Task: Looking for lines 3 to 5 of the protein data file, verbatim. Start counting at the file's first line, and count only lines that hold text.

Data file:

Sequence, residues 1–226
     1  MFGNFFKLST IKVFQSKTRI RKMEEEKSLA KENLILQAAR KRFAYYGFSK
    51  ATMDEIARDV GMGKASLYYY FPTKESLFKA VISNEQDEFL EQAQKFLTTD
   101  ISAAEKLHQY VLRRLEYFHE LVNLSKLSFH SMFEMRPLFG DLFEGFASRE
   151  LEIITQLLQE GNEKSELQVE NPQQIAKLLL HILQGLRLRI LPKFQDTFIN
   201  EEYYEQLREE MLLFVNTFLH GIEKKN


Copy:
    51  ATMDEIARDV GMGKASLYYY FPTKESLFKA VISNEQDEFL EQAQKFLTTD
   101  ISAAEKLHQY VLRRLEYFHE LVNLSKLSFH SMFEMRPLFG DLFEGFASRE
   151  LEIITQLLQE GNEKSELQVE NPQQIAKLLL HILQGLRLRI LPKFQDTFIN